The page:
Κυριακή, 9 Ιουλίου 2017

9 JULY

In Music History

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2012Soul singer Linda "Kay Kay" Greenwade (of Kay Kay and the Rays) dies at age 56 after a long period of ill health, including diabetes and a brain tumor.
2011Matt Bellamy of Muse and his fiancé Kate Hudson welcome a baby boy. Hudson had a boy with Black Crowes frontman Chris Robinson seven years earlier.
2009In an article published in The Guardian, "Hallelujah" writer Leonard Cohen admits the song is overplayed. "I think it's a good song, but I think too many people sing it," he says.
2006Milan B. Williams (keyboardist for The Commodores) dies of cancer at age 58.
2003Buzzcocks play Madison Square Garden for the first time ever in their career, opening for Pearl Jam.
2001During an appearance on MTV's TRL, four of the Backstreet Boys announce their Black & Blue tour will be put on hold so their fifth member, AJ McLean, can enter rehab to treat alcoholism and depression. 
1999Mick Jagger's common-law marriage to actress/supermodel Jerry Hall, conducted in Haiti back in 1990, is annulled.
1995Hootie & the Blowfish play the first-ever concert at the Meadows Music Theater in Hartford, Connecticut, drawing a crowd of 17,000.
1977Alan O'Day's "Undercover Angel" hits #1. It will hold the position for one week.
1975Jack White (lead singer, guitarist for The White Stripes) is born John Anthony Gillis in Detroit, Michigan. He takes the name "White" when he marries his bandmate, Meg White.
1969The Beatles start recording "Maxwell's Silver Hammer."
1969John Lennon makes his solo debut on the UK charts with "Give Peace A Chance."
1968The Beatles release "Ob-La-Di, Ob-La-da."
1964Courtney Love (of Hole) is born Courtney Michelle Harrison in San Francisco, California.
1959Jim Kerr (lead singer for Simple Minds) is born in Toryglen, Glasgow, Scotland.
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Rock Around The Clock Becomes The First #1 Rock Song

1955
Bill Haley & His Comets' "Rock Around The Clock" becomes the first Rock song to hit #1 on the Billboard Pop chart, where it stays for eight weeks. The song was originally released as a the B-side of "Thirteen Women," but became a massive hit after it appeared in the film Blackboard Jungle.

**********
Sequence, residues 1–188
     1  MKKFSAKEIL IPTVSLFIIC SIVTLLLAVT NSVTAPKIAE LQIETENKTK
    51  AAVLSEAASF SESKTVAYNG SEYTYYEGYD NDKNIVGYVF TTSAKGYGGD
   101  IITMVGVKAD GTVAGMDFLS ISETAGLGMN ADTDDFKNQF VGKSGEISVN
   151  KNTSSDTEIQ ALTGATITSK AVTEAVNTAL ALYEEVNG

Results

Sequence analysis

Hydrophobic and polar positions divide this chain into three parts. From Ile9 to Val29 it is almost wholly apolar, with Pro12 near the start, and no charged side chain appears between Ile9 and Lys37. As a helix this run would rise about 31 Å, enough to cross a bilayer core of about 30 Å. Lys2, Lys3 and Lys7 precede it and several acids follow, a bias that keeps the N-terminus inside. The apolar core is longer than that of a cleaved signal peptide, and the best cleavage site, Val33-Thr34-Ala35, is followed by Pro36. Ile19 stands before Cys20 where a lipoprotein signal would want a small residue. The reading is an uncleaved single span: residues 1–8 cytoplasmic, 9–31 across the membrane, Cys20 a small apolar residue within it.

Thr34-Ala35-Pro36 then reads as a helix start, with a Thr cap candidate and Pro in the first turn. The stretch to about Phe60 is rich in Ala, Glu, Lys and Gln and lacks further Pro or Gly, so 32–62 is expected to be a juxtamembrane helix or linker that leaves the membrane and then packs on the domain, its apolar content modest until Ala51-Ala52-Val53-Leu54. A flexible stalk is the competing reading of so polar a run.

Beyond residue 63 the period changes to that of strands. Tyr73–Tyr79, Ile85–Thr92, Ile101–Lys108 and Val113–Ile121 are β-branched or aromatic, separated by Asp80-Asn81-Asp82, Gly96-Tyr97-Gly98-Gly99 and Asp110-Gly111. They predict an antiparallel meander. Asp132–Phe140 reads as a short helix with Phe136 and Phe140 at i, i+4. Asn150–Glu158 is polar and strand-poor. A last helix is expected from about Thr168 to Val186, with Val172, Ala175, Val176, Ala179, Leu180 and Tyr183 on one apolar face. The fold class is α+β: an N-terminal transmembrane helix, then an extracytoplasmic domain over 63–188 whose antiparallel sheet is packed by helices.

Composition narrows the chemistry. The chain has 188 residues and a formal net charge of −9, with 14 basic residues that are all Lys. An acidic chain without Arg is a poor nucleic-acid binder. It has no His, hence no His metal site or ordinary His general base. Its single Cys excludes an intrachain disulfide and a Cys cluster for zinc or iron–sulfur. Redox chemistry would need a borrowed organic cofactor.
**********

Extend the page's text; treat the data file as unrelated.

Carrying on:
When "Rock Around The Clock" quietly entered the charts in 1954, it was only a minor hit for Bill Haley & His Comets, who had their first chart entry the year before with "Crazy Man, Crazy" (the first rock record in chart history) and would soon gain national acclaim with their cover of Joe Turner's "Shake, Rattle And Roll." But New York publisher Jimmy Myers, who penned the song with Philadelphia songwriter Max Freedman under the pseudonym Jimmy DeKnight, wasn't willing to give up on "Rock Around The Clock."

Myers and Freedman had an instinct about Haley. The Michigan-born singer who started his career as a singing yodeler for a country act was making his mark on R&B covers by adding a western swing element, retaining an edge that would otherwise be dulled when salacious blues lyrics were sanitized for white audiences. For teens growing up on a steady diet of traditional pop, the likes of the Comets and, later, Elvis Presley, would cause pandemonium. But not so fast. Haley was signed to a label owned by Dave Miller, who happened to hate Myers. If he wanted to record the song, he'd have to wait until his contract with Miller expired. He did, and "Rock Around The Clock" was recorded at his first session as a Decca artist. 

When it failed to make an impression on the charts, Myers started shopping the song around Hollywood, where MGM was preparing to release Blackboard Jungle. Starring Glenn Ford, the film is about an English teacher struggling to keep his delinquent students, including Sidney Poitier in a breakout role, in line at an inner-city school. With "Rock Around The Clock" spinning over the opening credits, the movie launches the rock and roll era and sends the single to the top of the Billboard charts. 

Haley's comet will fade with the rise of Elvis, but his name will forever be synonymous with rock and roll's seminal hit. The song will represent the era as the original theme to Happy Days, a '50s nostalgia sitcom that makes its debut in 1974 and gives the single another chart run at #39

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